Would you include THAT experience on your teaching resume? I really don't think so... and if you did include it, you'd get "dinged" for including such a non-educational experience from so long ago.
     
  14. SF_Giants66

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    To me it isn't about including it on my resume. None of those jobs were recent enough to put on my resume. It is about answering the question honestly.
     
  15. czacza

    czacza Multitudinous

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    SF...you asked for advice but you seem intent on disregarding what has been offered by seasoned professionals. Good luck to you.
     
  16. JustMe

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    Doesn't seem that complicated to me... If you are "obsessed" with honesty and you feel you'd be lying by marking no, then mark yes and cross your fingers.
     
  17. SF_Giants66

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    I'm not disregarding anyone's advice, but I just think people are misunderstanding what I'm saying. I'm not talking about my resume, or whether or not it is a teacher related position. I'm asking do they want to know this or not. If it was you, would you consider yourself lying? So far I've actually yet to see any advice, just some straw man interpretations, which might be my fault for not communicating what I'm asking properly.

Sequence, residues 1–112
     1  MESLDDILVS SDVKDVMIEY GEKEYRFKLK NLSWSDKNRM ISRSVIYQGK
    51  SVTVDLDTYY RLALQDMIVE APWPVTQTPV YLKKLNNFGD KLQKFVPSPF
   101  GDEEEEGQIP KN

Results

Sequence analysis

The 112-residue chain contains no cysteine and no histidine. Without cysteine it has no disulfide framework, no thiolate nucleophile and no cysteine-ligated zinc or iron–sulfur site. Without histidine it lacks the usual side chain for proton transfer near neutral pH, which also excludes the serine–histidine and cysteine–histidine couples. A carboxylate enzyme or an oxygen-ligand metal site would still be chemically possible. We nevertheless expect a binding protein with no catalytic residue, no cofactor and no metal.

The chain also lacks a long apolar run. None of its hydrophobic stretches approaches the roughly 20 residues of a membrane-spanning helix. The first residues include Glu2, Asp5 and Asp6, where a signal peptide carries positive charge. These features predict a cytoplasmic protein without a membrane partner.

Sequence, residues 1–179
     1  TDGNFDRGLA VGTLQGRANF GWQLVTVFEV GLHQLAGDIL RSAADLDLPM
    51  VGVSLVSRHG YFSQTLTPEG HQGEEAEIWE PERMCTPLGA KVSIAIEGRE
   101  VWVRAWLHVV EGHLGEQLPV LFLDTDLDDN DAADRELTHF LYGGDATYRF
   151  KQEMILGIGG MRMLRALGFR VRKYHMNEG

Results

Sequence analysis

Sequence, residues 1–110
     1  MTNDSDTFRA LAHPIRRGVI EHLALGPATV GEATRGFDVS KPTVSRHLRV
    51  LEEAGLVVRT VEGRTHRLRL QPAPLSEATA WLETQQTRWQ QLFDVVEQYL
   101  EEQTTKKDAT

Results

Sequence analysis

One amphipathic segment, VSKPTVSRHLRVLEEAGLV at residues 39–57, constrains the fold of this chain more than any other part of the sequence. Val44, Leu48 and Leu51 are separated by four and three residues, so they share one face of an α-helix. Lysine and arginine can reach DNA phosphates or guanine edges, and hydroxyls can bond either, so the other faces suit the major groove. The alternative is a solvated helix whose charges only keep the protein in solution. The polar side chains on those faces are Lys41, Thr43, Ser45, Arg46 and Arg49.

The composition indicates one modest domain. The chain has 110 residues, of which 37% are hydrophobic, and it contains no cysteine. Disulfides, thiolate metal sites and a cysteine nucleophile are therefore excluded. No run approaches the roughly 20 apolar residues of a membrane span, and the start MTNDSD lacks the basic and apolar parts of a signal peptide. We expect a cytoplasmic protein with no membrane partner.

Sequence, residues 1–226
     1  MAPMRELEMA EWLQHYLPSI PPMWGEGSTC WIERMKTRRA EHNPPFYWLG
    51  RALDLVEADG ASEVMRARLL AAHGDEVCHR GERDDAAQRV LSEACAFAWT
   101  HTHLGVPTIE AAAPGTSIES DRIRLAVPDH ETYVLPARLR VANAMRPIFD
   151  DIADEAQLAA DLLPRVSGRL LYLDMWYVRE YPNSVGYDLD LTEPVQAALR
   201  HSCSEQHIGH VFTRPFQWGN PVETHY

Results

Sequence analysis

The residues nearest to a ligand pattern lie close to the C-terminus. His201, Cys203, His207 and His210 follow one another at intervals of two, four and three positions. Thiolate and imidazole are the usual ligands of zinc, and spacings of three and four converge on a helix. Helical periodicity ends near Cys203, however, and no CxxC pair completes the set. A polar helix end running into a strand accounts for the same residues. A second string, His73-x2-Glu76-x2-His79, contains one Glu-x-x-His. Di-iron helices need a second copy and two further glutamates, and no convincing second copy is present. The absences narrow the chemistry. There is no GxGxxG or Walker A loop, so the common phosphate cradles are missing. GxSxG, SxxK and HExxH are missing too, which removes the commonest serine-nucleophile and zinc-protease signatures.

18. MissScrimmage

    MissScrimmage Aficionado

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    It's really a non-issue. They will ask you why you left your last position. They don't care about the job you were fired from when you were 18. If they do actually ask you if you have every been fired, then answer the question in whatever way you need to so you can sleep at night with a clear conscience.
     
  19. SF_Giants66

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    Well they do give a box to explain, and this area I don't know if I'd call competitive. They tend to look for men for middle school in this area, and I'm the only male in my class year who is going for middle school mathematics and there are only about 2 colleges around here. Why I left my last job should be pretty obvious. I will be leaving in 10 months so I can do my clinical practice. The problem is the question is on the application, so would they consider me a liar if I said no or not? That is basically what I'm wanting to know, or is it simply none of their business to be asking about those jobs in the first place that I don't have to be honest?